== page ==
When an investigatory interview is being conducted by Postal Inspectors or an OIG agent, an employee may be read warnings. The most well-known warning is Miranda. 

As we all know, once this warning is given, anything you say can be used in a court of law to try to prove guilt. If you are given a Miranda warning, you should consult with an attorney before answering any questions. In plain English, you need to SHUT UP and request a lawyer. Postal Inspectors and OIG agents often present a PS Form 1067, "Warning and Waiver of Rights" and request that employees sign it. By signing this form, a PPO would waive their Miranda rights. NEVER sign this form without consulting an attorney. 


Unfortunately, ELM Section 665.3 requires that all postal employees, including PPOs, must cooperate with postal investigations. Therefore, the Postal Service can take disciplinary action against you if you refuse to cooperate during a normal investigatory interview. This would appear to put the employee in an impossible situation; either answer the question and risk criminal charges, or refuse to answer and risk the possibility of discipline for “failure to cooperate” in an investigation. 


This dilemma was resolved by the federal courts in the Kalkines and Garrity decisions. 


The Kalkines Warning requires employees to make statements and cooperate, even if it could lead to being disciplined or discharged, but provides criminal immunity for their statements. An example of a Kalkines warning, though the exact wording may vary, could read something like this: 


"You are being questioned as part of an internal and/or administrative investigation. You will be asked a number of specific questions concerning your official duties, and you must answer these questions to the best of your ability. Failure to answer completely and truthfully may result in disciplinary action, including dismissal. Your answers and any information derived from them may be used against you in administrative proceedings. However, neither your answers nor any information derived from them may be used against you in criminal proceedings, except if you knowingly and willfully make false statements."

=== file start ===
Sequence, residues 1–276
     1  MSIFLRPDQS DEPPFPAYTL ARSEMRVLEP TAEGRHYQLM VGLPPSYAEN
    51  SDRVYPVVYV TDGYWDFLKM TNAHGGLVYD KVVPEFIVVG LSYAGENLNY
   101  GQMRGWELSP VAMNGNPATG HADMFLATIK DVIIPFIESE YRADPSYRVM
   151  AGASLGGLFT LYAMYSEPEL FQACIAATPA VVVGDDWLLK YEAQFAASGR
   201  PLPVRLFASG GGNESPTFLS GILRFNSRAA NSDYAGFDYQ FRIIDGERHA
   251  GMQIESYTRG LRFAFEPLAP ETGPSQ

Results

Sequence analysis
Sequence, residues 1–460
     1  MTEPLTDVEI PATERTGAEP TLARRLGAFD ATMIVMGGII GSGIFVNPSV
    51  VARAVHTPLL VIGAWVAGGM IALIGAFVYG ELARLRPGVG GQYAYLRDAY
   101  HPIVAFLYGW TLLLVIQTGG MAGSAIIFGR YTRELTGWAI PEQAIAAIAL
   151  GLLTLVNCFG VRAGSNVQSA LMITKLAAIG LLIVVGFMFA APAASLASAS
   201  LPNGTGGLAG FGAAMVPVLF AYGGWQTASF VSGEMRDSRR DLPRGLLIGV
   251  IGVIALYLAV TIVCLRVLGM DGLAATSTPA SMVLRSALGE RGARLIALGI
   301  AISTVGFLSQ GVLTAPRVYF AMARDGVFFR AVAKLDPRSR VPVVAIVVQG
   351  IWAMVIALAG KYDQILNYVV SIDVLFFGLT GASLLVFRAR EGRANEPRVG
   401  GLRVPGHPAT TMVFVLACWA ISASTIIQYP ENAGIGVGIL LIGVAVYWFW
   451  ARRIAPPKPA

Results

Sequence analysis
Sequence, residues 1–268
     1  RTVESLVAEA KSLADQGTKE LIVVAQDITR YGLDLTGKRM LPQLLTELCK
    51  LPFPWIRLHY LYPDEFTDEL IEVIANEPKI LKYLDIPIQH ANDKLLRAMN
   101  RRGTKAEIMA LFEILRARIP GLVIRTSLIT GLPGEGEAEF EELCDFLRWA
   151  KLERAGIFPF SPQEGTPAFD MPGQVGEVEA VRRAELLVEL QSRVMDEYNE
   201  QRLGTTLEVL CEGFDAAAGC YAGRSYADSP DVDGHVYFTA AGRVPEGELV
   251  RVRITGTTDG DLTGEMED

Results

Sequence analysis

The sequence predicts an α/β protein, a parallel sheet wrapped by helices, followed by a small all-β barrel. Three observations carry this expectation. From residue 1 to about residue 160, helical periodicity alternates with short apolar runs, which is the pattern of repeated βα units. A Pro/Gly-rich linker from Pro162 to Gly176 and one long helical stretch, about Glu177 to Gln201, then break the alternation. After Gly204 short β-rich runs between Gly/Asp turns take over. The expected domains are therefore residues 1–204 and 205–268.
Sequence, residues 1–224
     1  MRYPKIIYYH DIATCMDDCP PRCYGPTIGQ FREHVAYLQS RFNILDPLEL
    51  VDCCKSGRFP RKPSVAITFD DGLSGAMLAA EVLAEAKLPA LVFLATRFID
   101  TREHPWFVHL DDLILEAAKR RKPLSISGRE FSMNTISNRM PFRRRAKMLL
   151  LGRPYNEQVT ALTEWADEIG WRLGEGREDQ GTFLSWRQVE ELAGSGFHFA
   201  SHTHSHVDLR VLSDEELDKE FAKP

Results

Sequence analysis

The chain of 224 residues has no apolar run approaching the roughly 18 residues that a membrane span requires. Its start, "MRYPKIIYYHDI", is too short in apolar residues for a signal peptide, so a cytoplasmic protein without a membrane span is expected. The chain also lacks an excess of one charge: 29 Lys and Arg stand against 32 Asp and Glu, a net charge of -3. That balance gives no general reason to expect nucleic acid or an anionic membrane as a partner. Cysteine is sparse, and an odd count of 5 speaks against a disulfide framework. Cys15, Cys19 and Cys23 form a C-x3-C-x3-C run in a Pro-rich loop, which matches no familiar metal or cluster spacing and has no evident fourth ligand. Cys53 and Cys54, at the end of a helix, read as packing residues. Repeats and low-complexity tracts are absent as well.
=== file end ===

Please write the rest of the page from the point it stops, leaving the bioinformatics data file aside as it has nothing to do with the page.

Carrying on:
This warning means PPOs must be truthful, but can do so without their answers being used against them in criminal proceedings. 


A Garrity Warning advises employees of their criminal and administrative liability for any statements made, but also gives the PPO the right to remain silent. An example of a Garrity Warning, though the exact wording may vary, could read something like this: 


You are being asked to provide information as part of an internal and/or administrative investigation. This is a voluntary interview and you do not have to answer questions if your answers would tend to implicate you in a crime. No disciplinary action will be taken against you solely for refusing to answer questions. However, the evidentiary value of your silence may be considered in administrative proceedings as part of the facts surrounding your case. Any statement you do choose to provide may be used as evidence in criminal and/or administrative proceedings. 


The Garrity Warning allows Inspectors and OIG agents to use your statements statements against you in both administrative and criminal investigations. If you are given a Garrity Warning, you should remain silent and consult with an attorney before answering any questions. 


Be safe,